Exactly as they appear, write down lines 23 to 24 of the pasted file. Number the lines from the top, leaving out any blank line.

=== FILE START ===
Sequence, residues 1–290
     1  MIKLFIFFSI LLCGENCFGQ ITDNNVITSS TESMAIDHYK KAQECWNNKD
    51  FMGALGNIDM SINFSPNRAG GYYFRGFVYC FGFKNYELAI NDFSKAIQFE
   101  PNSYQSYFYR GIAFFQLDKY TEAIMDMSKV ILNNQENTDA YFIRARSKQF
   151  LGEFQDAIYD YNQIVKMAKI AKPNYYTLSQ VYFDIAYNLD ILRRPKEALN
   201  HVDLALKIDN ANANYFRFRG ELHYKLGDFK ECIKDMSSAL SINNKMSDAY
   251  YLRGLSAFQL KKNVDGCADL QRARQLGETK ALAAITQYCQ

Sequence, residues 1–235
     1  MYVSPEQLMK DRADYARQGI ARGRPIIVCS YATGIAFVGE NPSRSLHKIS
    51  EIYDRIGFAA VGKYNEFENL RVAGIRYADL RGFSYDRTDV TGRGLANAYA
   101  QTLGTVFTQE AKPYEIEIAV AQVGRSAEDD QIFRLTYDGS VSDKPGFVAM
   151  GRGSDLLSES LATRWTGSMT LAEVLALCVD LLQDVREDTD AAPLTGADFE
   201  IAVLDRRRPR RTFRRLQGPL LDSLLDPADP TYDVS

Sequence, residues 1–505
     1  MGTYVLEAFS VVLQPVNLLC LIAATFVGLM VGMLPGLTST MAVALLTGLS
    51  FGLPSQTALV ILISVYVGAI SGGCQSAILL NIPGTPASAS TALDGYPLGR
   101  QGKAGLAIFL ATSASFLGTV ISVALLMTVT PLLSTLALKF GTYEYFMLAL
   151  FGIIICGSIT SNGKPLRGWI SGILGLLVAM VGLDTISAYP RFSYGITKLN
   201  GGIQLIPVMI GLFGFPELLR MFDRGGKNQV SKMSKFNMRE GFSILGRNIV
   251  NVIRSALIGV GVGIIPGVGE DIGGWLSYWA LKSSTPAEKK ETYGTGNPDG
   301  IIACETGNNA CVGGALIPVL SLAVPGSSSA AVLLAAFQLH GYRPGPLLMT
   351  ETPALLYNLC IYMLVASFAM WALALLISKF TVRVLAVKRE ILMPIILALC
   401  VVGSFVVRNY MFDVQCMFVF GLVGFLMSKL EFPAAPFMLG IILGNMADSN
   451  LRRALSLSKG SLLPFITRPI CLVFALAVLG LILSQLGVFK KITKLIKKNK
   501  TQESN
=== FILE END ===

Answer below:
   401  VVGSFVVRNY MFDVQCMFVF GLVGFLMSKL EFPAAPFMLG IILGNMADSN
   451  LRRALSLSKG SLLPFITRPI CLVFALAVLG LILSQLGVFK KITKLIKKNK